The goal of all fermentation is to create an environment that promotes the growth of cultures you like while keeping unfriendly cultures at bay. Tempeh culture (whose Latin name is Rhizopus oligosporus) comes from Indonesia, which has an ambient temperature of (surprise) around 85 degrees F. By holding the culture at this temperature, you're creating an environment where it can thrive and outcompete any other nasty microbes. Unless your kitchen is 85 degrees (which, in Georgia in the summer, it might very well be!), you'll need an incubator to keep the tempeh at the right temperature. But, unlike the cultures involved in making brine pickles, tempeh cultures are aerobic-- they need oxygen to grow. So you can't just pop your prototempeh in a sous vide cooker or a Crock Pot and call it a day.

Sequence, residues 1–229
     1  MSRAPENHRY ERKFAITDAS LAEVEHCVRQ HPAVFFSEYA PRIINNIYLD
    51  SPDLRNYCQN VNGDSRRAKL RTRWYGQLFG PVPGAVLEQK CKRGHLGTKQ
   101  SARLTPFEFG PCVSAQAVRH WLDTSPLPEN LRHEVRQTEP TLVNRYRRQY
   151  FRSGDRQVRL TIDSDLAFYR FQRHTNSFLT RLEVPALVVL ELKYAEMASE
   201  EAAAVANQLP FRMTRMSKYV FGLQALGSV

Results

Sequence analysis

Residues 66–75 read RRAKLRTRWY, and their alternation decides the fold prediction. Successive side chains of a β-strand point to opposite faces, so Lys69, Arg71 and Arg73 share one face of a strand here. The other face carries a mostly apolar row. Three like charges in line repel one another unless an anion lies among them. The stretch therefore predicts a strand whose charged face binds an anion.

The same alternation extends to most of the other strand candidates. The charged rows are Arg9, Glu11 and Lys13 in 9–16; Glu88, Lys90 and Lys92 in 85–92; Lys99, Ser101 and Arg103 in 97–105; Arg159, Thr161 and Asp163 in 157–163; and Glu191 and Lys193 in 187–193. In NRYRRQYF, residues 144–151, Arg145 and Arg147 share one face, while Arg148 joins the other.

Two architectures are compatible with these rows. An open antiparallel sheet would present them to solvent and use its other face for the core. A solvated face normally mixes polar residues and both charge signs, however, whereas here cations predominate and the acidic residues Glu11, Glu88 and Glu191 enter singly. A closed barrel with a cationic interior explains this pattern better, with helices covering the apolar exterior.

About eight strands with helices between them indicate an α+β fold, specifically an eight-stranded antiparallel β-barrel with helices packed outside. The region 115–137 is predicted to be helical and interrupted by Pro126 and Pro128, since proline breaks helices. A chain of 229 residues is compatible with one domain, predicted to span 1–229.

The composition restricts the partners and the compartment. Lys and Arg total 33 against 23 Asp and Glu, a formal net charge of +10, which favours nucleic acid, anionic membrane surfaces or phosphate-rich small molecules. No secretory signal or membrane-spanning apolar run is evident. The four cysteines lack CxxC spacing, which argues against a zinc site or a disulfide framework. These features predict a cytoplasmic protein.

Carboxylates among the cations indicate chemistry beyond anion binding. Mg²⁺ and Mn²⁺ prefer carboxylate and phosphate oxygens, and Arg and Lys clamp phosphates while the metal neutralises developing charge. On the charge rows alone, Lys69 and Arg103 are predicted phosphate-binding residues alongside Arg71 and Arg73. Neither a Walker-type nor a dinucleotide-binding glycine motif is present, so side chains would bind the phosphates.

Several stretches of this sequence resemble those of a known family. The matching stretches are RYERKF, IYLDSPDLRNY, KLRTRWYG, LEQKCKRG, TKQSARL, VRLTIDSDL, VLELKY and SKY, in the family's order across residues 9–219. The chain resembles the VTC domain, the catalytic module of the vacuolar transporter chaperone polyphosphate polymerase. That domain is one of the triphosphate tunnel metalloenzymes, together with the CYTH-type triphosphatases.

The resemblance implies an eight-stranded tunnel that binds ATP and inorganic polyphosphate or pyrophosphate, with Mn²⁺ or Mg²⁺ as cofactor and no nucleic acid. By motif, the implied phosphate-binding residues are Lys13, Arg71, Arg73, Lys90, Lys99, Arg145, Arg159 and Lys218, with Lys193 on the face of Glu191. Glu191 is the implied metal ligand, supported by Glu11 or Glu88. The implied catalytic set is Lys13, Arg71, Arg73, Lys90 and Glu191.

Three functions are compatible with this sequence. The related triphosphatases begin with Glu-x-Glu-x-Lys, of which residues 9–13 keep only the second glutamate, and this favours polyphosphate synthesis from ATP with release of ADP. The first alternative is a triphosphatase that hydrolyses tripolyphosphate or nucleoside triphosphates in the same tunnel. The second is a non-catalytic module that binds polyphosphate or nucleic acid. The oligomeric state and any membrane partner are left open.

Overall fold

The cheapest and simplest way to make an incubator is to get a styrofoam cooler, a non-LED lightbulb, and a thermometer. (The lightbulb has to emit sufficient heat. I got a garage door lightbulb from Home Depot that works great.) You'll want to rig up the cooler so that the lightbulb is plugged in and shining down from the top of the cooler. Then, you can periodically check the temperature and turn the lightbulb on and off as necessary.

But, if you think a robot could do a better job of checking the temperature and turning a lightbulb on and off, you're right! I rigged up my incubator with an Arduino and a temperature sensor. You can read the source of my Arduino program here. (A schematic diagram will come shortly.) This makes it pretty dang easy to incubate-- I just check the tempeh once or twice a day for the formation of the white fuzz.